Republican Sen. John Warner, who wants U.S. troops to start coming home from Iraq by Christmas, said Sunday he would weigh whether to support legislation ordering withdrawals if President Bush refuses to set a return timetable soon.
"I'm going to have to evaluate it," Warner said. "I don't say that as a threat. I say that as an option we'll all have to consider."
Warner, a former Navy Secretary and one-time chairman of the Senate Armed Services Committee, is seen as someone who could influence the debate among senators who have grown increasingly uneasy about the unpopular war.
Warner's suggestion last week about bringing back some troops put him at odds with Bush, who has insisted that conditions on the ground should dictate any such decisions. Warner long has opposed legislation pushing for timetables.
The Virginia Republican said Sunday it would be best for the president, not Congress, to make a decision on withdrawals and that overriding a presidential veto would be difficult. But Warner made clear his view that people are losing patience with the administration's strategy in Iraq, a significant change is needed in September and troop withdrawals were the best way to accomplish that.
"That's precisely what I said to the president: 'You can initiate a first withdrawal. You pick the number. It will send a signal to the Iraqi government that matches your words,"' Warner said. "His words being, 'We're not going to be there forever."'
"The president has got to put teeth in the comments that we are not there forever," he added.
The political wrangling comes as the White House and Congress are headed toward a showdown on the Iraq war. In mid-September, Gen. David Petraeus, the top military commander in Iraq, and U.S. Ambassador Ryan Crocker plan to give their assessment of Bush's decision this year to send 30,000 additional troops to Iraq.
"We have to show our resolve in the face of the Iraqi government inaction," Warner said. "I'm looking for in that message on the 15th what he's going to do to get the (Iraqi) government jump-started on his commitment to troops."
Over the weekend, beleaguered Iraqi Prime Minister Nouri al-Maliki lashed out at U.S. critics who have called for his ouster and pushed for withdrawals. Al-Maliki cited in particular Democratic senators Hillary Clinton and Carl Levin, who the prime minister said "consider Iraq as if it were one of their villages."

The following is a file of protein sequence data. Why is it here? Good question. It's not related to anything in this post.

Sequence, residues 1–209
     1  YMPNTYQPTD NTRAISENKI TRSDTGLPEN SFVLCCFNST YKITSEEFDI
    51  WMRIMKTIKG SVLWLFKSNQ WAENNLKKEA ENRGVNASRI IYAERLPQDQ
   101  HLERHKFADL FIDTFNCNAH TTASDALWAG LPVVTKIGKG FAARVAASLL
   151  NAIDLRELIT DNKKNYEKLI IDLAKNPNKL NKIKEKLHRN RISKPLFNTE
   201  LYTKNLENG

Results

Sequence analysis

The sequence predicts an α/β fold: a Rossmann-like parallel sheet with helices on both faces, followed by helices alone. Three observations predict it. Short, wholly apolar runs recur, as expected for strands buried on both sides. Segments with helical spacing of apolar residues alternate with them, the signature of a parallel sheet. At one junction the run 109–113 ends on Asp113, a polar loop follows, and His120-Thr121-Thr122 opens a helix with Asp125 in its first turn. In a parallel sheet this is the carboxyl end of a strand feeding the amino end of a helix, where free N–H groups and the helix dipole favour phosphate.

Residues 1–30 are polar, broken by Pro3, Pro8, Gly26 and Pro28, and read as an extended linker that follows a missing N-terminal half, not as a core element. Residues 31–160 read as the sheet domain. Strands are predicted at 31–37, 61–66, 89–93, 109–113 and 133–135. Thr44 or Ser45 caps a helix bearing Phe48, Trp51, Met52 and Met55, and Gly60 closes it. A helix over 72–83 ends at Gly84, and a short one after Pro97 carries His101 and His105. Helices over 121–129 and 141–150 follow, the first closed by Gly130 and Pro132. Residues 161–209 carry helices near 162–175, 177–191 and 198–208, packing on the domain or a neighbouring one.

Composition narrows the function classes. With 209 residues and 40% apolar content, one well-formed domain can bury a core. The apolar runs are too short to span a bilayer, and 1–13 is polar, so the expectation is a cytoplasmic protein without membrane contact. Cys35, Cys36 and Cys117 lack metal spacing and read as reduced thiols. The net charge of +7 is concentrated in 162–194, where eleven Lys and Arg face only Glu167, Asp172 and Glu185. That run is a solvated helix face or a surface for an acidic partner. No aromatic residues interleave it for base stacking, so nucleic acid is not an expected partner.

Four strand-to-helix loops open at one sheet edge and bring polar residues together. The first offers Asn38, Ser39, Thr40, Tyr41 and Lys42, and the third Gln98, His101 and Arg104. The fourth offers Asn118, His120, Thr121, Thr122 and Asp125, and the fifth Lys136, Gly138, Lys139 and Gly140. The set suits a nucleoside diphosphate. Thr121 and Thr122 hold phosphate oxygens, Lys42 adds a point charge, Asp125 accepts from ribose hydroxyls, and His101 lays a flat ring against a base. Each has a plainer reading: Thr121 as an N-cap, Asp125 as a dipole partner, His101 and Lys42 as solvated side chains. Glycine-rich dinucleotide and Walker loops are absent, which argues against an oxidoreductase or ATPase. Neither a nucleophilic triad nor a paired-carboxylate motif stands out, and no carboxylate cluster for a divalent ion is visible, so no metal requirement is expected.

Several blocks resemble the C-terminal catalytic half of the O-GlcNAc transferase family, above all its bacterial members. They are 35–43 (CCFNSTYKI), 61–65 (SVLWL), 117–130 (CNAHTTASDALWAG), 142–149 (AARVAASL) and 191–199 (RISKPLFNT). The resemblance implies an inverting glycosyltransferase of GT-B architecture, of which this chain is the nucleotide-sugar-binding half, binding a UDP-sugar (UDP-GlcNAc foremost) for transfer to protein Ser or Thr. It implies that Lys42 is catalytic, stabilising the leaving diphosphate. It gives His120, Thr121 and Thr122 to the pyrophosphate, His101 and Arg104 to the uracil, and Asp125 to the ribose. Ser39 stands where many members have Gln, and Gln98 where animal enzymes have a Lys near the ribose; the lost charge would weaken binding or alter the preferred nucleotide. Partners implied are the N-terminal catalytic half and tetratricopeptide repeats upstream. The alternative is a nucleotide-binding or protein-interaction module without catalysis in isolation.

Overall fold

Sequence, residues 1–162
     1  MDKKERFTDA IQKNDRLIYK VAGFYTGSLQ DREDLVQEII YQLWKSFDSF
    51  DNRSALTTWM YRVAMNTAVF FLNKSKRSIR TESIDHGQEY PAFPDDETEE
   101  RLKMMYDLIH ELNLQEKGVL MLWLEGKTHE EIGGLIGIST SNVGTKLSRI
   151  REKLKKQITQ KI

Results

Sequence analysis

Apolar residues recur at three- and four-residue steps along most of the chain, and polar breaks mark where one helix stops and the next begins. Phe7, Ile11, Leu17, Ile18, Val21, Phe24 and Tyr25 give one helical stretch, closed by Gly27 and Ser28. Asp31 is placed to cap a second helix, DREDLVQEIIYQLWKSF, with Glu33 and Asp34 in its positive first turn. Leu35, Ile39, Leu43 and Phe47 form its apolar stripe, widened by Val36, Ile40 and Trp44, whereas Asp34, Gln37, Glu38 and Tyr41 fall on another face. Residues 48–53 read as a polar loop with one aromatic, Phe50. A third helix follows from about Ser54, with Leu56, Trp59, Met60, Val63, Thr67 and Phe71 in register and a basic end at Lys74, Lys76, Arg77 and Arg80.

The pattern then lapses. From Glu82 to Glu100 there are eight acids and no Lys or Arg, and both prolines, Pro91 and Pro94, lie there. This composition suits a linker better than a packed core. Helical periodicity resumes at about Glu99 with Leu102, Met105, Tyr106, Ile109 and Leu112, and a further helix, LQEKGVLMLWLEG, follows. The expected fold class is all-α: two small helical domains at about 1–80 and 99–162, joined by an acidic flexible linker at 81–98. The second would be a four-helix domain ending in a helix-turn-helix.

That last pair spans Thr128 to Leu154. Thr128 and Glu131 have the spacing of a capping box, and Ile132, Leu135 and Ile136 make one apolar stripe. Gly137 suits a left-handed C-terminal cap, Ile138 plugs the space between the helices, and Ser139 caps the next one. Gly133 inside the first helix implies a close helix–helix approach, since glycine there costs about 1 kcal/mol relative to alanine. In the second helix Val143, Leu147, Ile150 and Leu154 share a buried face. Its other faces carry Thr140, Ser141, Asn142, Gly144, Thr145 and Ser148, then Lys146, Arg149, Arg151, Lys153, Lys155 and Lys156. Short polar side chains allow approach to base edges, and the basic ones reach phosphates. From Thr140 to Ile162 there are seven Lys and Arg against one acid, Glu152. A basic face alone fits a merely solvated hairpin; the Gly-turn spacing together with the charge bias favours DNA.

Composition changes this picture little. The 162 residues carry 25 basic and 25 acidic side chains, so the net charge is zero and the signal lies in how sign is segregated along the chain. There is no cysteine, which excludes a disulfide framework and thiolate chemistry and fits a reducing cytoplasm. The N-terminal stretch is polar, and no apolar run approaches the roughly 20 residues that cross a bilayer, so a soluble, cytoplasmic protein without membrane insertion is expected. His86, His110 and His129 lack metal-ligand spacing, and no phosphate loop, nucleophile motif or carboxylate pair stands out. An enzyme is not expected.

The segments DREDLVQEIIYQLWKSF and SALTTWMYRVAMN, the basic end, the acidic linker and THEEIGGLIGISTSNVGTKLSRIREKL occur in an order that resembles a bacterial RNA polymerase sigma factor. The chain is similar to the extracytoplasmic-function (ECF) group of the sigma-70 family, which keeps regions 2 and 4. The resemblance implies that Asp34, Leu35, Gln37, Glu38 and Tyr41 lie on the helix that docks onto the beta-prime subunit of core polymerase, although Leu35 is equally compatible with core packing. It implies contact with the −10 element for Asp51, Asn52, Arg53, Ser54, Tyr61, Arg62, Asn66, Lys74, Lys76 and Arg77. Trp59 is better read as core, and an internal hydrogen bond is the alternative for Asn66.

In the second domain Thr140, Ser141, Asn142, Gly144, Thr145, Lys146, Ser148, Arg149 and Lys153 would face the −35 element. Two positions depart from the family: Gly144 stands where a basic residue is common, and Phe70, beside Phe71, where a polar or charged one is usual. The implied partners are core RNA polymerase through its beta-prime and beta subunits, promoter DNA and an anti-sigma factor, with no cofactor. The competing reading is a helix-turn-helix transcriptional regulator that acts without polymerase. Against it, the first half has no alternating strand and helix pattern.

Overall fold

Sen. John Cornyn, R-Texas, said he was troubled with the slow pace of al-Maliki's government in fostering political reconciliation but cautioned that U.S. efforts to push too hard could backfire.
"Senator Warner is a great patriot and a student of history, and he's clearly sending a signal to the Iraqis that our patience is not unlimited, and that's correct," said Cornyn, a fellow member of Senate Armed Services Committee. "But I don't think it's in our best interest to put so much pressure on the new Iraqi government that it absolutely collapses."
"We don't want to allow that to happen, because it would make us less safe here at home," he said.
But former Democratic Sen. John Edwards, a 2008 presidential candidate, said he believed even stronger pressure was needed to reduce bloodshed and force political compromise in Iraq. Every defense funding bill Congress sends to Bush should set a timetable for Iraq, and Democrats should be willing to filibuster if necessary to force action, he said.
"I think that Maliki should quit worrying about Democrats and the presidential campaign in America and start worrying about what he needs to do in his own country," Edwards said.
Warner appeared on NBC's "Meet the Press," Cornyn spoke on ABC's "This Week," and Edwards was on "Face the Nation" on CBS.
(Copyright 2007 by The Associated Press. All Rights Reserved.)
APTV 08-26-07 1214EDT